However, we now know a lot about the putative function of genetic variants due to tremendous progress in functional genomics. In many cases, we even know which variants are more likely to be involved in disease when compared to others. Advancements in our understanding of functional genomics motivate the strategic incorporation of prior information in GWAS.

Our group has been interested in this problem for many years. One challenge to addressing this problem is that the widely utilized approach for GWAS involves evaluating an association statistic at each single nucleotide polymorphism (SNP), and these methods take into account only one SNP at a time. The results are then adjusted for multiple testing, and an association is identified if a statistic exceeds a certain threshold. This approach can be described as a frequentist approach. On the other hand, one can incorporate prior information on which SNPs are likely to be the causal variants affecting the trait. This approach is inherently a Bayesian concept. Reconciling these two approaches is not straightforward.

Average power under varying relative risks. For more information, see our paper.

In a 2008 paper published in Genome Research, our group proposed a modification of the multiple testing framework to address this problem. Instead of using the same specific threshold for all of the association statistics, we use a different threshold for each association statistic, where the thresholds are adjusted based on the prior information. Our method takes advantage of the correlation structure by considering multiple markers within a region. In our paper, we demonstrate how to set the thresholds in order to optimally utilize prior information and maximize statistical power.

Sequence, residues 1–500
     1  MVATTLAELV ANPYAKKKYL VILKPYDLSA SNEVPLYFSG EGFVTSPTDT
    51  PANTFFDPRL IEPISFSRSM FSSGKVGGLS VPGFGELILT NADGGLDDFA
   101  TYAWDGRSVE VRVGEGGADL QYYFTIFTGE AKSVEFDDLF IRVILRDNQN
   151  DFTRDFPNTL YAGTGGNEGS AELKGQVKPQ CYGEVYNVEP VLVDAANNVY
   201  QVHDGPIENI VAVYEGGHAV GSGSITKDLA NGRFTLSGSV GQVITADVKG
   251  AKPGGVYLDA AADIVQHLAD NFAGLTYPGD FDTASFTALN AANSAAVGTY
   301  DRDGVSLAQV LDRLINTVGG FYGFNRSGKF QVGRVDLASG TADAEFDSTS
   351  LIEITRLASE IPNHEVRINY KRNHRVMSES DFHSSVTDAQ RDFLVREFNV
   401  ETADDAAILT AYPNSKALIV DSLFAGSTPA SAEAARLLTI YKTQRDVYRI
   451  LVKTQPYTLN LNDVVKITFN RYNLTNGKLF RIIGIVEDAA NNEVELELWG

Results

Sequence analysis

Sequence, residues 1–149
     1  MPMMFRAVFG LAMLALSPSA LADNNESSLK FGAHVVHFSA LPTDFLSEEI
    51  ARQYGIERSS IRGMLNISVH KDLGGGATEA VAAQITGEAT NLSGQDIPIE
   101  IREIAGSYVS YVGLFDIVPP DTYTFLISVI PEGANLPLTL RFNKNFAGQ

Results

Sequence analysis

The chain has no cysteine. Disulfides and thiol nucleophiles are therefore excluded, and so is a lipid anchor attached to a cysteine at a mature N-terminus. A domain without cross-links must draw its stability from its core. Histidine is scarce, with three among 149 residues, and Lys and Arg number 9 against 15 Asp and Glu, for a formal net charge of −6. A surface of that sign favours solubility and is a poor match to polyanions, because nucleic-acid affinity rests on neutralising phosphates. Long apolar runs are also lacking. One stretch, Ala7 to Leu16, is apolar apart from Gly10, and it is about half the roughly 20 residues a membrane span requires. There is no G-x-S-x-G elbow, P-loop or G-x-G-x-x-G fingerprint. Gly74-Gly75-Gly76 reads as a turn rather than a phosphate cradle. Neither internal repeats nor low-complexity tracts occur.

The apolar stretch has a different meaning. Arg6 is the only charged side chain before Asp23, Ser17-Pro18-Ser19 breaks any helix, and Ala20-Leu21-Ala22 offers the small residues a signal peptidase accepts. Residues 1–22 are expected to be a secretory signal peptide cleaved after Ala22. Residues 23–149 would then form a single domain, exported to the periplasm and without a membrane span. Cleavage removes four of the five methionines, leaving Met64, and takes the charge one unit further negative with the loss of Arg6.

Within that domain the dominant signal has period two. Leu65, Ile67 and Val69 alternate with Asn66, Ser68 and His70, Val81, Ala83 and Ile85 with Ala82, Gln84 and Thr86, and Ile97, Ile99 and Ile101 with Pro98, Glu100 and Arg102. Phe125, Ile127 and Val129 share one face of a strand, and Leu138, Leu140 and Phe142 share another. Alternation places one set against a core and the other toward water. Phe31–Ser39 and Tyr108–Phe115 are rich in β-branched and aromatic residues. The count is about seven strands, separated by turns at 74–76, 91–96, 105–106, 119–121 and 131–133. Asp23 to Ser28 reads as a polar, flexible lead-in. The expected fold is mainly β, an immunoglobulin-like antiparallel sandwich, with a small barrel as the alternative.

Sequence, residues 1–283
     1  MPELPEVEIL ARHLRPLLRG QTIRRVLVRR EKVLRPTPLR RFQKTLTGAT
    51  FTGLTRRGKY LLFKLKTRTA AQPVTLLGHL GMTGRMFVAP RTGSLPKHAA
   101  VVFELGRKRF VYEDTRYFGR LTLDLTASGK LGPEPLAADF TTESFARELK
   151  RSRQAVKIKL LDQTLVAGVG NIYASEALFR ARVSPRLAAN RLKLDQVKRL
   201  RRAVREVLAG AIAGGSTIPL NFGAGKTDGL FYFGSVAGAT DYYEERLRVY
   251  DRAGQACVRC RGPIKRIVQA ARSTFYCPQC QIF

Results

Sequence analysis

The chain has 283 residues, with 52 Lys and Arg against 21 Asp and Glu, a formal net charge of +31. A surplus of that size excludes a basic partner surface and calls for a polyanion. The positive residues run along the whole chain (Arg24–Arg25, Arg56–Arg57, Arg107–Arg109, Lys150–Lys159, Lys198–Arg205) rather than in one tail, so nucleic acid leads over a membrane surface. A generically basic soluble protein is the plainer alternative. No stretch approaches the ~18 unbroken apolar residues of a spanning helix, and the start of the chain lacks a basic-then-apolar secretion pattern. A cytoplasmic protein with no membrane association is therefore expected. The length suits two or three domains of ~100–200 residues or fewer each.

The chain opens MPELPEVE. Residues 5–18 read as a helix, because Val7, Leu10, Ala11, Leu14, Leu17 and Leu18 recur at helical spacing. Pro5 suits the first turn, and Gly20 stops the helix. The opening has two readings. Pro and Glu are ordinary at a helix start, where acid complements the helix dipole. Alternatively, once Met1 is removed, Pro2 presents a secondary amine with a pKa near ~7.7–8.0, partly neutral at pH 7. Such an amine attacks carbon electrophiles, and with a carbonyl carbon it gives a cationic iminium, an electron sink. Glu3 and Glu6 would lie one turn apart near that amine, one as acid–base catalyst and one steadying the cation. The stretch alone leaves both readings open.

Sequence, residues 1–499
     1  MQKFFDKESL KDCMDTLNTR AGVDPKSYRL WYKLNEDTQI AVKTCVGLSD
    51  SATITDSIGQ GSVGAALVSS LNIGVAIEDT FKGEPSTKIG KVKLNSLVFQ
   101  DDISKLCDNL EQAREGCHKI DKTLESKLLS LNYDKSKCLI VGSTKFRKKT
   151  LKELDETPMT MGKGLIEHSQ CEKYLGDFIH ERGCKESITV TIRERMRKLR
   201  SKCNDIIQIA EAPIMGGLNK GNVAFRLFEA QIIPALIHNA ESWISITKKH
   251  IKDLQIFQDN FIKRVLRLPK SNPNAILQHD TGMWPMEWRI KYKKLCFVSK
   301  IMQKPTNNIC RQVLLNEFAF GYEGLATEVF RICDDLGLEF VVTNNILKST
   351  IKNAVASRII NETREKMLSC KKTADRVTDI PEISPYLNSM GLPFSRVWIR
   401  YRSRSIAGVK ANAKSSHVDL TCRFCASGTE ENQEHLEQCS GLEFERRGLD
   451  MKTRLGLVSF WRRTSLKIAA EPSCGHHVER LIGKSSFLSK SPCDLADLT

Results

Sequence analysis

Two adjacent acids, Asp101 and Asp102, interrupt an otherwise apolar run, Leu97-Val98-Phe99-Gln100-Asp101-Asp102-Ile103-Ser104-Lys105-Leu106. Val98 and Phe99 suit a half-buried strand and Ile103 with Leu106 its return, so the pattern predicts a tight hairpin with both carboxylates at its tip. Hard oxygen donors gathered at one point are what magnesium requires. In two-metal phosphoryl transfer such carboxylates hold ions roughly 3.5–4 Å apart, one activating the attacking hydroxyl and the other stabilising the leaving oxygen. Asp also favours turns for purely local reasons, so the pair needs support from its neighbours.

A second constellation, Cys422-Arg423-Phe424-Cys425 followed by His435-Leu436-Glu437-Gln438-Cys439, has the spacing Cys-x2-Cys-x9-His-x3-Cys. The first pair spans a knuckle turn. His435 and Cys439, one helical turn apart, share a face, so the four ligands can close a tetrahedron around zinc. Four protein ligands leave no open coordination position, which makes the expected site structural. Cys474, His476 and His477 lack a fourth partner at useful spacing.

Using prior information in genetic association studies increases power over traditional association studies while maintaining the same overall false-positive rate. Compared to standard methods, our approach is equally simple to apply to association studies, produces interpretable results as p-values, and is optimal in its use of prior information in regards to statistical power.

In 2012, we extended this work to use only tag SNPs for the putative causal variant. This project was developed by Gregory Darnell (then UCLA undergraduate, now PhD student at Princeton University), Dat Duong (then UCLA undergraduate, now UCLA PhD student), and Buhm Han.

More recently, we have applied this framework to incorporate functional information in analysis of eQTL data. In this case, incorporating genomic annotation of variants significantly increases the statistical power of existing eQTL methods and detects more eGenes in comparison to standard approaches. Read the blog post on this paper, and download the full article.

For more information on our general approach, see our paper, which is available for download through Bioinformatics:
https://academic.oup.com/bioinformatics/article/28/12/i147/269880/Incorporating-prior-information-into-association
In addition, the open source implementation of our 2012 paper, MASA, which was developed by Greg Darnell and Dat Duong, is freely available for download at http://masa.cs.ucla.edu/.

The full citations to our papers on this topic are:

Darnell, Gregory; Duong, Dat ; Han, Buhm ; Eskin, Eleazar

Incorporating prior information into association studies. Journal Article

In: Bioinformatics, 28 (12), pp. i147-i153, 2012, ISSN: 1367-4811.

Abstract | Links | BibTeX


Eleazar Eskin. “Increasing Power in Association Studies by using Linkage Disequilibrium
Structure and Molecular Function as Prior Information.” Genome Research.
18(4):653-60 Special Issue Proceedings of the 12th Annual Conference on Research
in Computational Biology (RECOMB-2008), 2008.